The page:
On Oct. 22, Jeff Newberry, a professor at ABAC, held a reading of his poetry book, Cross Country at the Fulwood Garden Center in Tifton. The event was sponsored by the ABAC Department of English and Communication. At the event, Newberry read excerpts from the book and held a signing afterward.
His poems ranged from his love of Roy Orbison to one from the perspective of his abusive father. He also explained some of the meanings behind his poetry. Newberry said, “My father shows up in a lot of these poems. It’s like if you’re a Christian, you can’t not write a Christian poem. The things that obsess you follow you, no matter what you do.”
His father and Newberry’s relationship with him did appear frequently in the poetry, but another source of inspiration comes from his uniquely southern perspective. Newberry commented “[In college] my poems were less edgy New York School and more Faulkner. I’m the type of guy who likes to go fishing and listen to Lynyrd Skynyrd.” His southern mindset shows in his poetry. His poems are filled with imagery of the outdoors and southern living.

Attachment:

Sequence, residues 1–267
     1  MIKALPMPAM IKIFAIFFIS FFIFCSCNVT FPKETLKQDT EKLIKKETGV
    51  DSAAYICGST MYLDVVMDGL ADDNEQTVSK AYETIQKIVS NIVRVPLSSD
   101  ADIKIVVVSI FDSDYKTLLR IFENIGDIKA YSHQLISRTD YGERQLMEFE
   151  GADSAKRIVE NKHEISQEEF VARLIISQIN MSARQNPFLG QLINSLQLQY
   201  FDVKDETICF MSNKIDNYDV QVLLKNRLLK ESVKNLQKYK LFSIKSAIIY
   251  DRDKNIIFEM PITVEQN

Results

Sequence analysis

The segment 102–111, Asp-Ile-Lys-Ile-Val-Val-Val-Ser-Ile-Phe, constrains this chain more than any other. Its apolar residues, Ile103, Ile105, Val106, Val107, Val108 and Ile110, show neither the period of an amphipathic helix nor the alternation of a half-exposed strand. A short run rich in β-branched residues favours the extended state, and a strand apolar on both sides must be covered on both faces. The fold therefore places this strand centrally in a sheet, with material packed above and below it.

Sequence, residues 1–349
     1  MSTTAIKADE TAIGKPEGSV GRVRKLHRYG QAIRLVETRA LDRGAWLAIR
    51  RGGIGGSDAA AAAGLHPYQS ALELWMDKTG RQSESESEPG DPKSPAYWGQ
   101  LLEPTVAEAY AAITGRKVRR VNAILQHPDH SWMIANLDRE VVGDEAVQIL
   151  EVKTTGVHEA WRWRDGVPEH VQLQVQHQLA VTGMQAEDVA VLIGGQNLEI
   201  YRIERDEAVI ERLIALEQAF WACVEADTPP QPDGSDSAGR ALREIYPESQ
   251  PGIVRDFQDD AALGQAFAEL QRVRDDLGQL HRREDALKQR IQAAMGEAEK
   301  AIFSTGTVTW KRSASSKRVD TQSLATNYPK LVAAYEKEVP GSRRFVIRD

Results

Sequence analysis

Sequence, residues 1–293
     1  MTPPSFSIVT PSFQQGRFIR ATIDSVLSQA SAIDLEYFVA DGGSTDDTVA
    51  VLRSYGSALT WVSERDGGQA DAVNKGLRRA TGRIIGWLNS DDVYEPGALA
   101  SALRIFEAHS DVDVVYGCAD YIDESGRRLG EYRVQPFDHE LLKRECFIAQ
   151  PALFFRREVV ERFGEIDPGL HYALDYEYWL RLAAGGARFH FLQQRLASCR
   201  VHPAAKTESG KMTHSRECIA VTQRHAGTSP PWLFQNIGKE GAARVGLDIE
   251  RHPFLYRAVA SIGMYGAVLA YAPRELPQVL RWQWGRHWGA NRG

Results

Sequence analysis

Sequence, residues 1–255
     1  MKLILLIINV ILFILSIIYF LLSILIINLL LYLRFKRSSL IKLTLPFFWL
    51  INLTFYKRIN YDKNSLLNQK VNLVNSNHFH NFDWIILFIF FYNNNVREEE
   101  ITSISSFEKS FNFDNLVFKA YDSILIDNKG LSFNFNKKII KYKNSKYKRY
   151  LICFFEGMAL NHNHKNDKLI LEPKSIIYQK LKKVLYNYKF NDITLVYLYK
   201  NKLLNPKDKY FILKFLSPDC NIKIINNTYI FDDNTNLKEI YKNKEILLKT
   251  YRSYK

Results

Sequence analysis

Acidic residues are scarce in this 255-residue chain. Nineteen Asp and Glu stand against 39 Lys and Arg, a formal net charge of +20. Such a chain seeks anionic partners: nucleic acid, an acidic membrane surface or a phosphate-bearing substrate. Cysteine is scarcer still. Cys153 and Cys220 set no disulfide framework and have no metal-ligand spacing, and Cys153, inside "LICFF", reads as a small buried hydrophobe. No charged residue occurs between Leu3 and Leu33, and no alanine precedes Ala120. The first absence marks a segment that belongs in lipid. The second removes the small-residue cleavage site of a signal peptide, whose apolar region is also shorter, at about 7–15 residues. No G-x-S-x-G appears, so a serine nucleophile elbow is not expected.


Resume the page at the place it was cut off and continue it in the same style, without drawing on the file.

Newberry spoke about how his southern upbringing influenced his writing. “I think that that storytelling tradition runs pretty strongly throughout all human cultures, but I think its more on the surface of the skin in the South. One thing I try to do is be a distinctly southern storyteller.” He also talked about his implementation of the music theory of modality in his poetry.
Newberry stated, “[In music] Generally speaking, you want to follow the moves of that progression and stay in the scale. Modality denies that and says you can put any note you want to anywhere. It’s more about the driving feel of the music than it is any logical structure.” Newberry quoted the poet and essayist, Michael S. Harper when he stated that, “Our lives are modal. Right, it all belongs there. So that’s what I had in mind when I wrote these poems.”
ABAC’s Dean of Arts and Sciences, Matthew Anderson, spoke about the benefits of having a real author teaching English at ABAC. Anderson stated, “It’s a tremendous benefit. Our students are learning from a gifted artist and you just can’t put a price on that. Our students are going to be learning from a guy who has published poems and novels. He’s an immensely talented man who’s very gifted at bringing student’s creativity out of them and helping foster the growth of our student writers.”
“Cross Country” is available for sale now wherever books are sold.